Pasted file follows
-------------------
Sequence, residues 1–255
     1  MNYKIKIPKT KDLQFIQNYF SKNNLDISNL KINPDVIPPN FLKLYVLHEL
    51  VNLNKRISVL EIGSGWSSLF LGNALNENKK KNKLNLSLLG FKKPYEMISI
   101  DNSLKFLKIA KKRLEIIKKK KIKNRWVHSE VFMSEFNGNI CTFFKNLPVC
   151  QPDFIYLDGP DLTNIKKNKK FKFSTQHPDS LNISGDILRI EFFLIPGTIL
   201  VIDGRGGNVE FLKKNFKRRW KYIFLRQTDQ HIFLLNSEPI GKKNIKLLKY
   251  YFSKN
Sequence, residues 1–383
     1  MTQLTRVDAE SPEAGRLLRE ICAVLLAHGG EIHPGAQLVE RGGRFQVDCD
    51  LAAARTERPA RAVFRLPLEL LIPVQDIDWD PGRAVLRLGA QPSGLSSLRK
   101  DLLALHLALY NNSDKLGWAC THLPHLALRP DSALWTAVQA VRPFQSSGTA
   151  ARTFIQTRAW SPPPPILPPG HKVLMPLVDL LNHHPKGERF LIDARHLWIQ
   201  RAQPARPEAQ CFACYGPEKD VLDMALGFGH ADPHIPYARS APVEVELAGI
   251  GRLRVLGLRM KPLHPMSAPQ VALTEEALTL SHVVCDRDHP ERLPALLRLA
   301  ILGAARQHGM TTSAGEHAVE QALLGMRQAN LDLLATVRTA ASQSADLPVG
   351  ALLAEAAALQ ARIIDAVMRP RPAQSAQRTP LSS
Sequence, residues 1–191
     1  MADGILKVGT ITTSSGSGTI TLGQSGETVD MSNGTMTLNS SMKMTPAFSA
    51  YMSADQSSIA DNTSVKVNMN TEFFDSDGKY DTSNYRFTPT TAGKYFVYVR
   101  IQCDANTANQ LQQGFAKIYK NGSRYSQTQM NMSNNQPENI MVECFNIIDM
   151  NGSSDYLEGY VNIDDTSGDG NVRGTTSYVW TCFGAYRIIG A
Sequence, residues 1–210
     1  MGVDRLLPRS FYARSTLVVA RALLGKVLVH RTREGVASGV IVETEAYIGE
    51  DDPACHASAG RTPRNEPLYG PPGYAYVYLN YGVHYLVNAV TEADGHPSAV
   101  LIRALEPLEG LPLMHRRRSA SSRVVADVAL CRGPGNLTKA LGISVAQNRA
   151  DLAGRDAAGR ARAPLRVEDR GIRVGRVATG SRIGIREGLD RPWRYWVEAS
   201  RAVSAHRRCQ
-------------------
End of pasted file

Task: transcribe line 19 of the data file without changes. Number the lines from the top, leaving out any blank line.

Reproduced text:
    51  YMSADQSSIA DNTSVKVNMN TEFFDSDGKY DTSNYRFTPT TAGKYFVYVR